Hot Octopuss has gone so far as to include aging in its FAQs. And it’s all paid off in a meaningful way to their bottom line. Today, half of the company’s customer base is over 45 years old. They receive frequent testimonials from older couples who report how a few battery-operated devices have enabled a satisfying sex life when all else failed. “When you hear things like that, you obviously want to keep feeding that demand, because there’s a massive demand,” says Gates. “As a business, you want to make money, but you want to serve a purpose.”
Demystifying senior sex
Now, Price has made the leap from writing about sex to making videos about it. Five years ago, Price met Jessica Drake–an adult film star who became a certified sex educator–at a sex education conference. Since the ’90s, Drake has been under contract with a company called Wicked Pictures, which produces big budget adult films aimed at couples. Around 2010, long before she met price, Drake pitched herself, not as a performer, but as a writer and director for a new series that would teach people about sex.
“She was about 70, and I wasn’t 40 yet. Something in Joan really resonated with me. I took to her immediately,” recounts Drake. They grabbed a meal together. And in the relatively small world of sex education trade shows and speaking events, they bumped into each other again and again.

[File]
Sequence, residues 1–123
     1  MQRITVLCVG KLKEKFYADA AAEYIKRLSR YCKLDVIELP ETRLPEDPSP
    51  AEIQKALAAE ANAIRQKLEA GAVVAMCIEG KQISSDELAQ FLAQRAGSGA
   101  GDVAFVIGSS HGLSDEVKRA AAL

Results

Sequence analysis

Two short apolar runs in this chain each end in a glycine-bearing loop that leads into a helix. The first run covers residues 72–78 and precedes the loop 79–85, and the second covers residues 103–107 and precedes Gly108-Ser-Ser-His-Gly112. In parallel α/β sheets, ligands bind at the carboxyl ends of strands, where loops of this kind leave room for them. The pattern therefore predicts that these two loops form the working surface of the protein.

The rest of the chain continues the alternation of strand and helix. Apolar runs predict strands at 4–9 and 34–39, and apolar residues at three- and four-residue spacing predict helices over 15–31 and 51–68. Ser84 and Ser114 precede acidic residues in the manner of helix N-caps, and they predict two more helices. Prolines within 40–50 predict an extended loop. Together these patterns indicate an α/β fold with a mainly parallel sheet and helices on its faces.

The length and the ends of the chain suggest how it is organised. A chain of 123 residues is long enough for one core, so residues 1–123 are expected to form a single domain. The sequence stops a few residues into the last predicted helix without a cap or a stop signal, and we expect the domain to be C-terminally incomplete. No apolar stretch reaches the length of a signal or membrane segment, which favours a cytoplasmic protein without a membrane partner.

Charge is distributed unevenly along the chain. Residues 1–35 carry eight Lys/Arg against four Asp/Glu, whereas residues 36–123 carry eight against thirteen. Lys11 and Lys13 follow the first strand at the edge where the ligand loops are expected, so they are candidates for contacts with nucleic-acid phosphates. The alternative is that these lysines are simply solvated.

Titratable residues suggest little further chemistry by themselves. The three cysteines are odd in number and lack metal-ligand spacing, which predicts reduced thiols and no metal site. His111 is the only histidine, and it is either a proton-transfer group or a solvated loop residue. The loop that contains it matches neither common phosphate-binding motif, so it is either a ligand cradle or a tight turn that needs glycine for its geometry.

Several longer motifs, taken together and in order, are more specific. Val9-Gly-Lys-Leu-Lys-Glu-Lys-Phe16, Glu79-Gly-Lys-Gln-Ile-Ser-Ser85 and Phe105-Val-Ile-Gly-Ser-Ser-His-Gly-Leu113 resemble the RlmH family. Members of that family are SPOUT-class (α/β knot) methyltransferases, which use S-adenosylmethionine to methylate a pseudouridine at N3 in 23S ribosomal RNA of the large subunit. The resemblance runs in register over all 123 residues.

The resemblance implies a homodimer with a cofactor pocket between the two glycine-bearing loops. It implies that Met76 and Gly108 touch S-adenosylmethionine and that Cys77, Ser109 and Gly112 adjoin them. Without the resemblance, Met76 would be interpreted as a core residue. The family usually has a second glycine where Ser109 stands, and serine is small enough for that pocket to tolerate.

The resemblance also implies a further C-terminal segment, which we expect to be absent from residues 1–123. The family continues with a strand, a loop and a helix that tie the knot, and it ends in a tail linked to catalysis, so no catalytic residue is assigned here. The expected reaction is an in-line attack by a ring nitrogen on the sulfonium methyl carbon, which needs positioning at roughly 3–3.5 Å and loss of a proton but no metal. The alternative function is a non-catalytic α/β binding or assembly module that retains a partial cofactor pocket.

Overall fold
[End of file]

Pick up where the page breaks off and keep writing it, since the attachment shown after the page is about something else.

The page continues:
“I thought to myself, I want to do something with her, but I don’t know what that’s going to be,” says Drake. Around the same time, Drake was touring sex shops across the United States to offer advice and promote products. Sex shop operators often serve as the sex educators of their communities, answering all sorts of questions from customers on a daily basis. “I ask them what topics they’d like to see in the future. Something that had been really coming up was sex and aging,” Drake says. “They were phrasing it in all different ways. I was getting things like, ‘Why don’t you address sex and menopause?’ or ‘[what happens] when couples are together a long time and don’t want to do it anymore?’”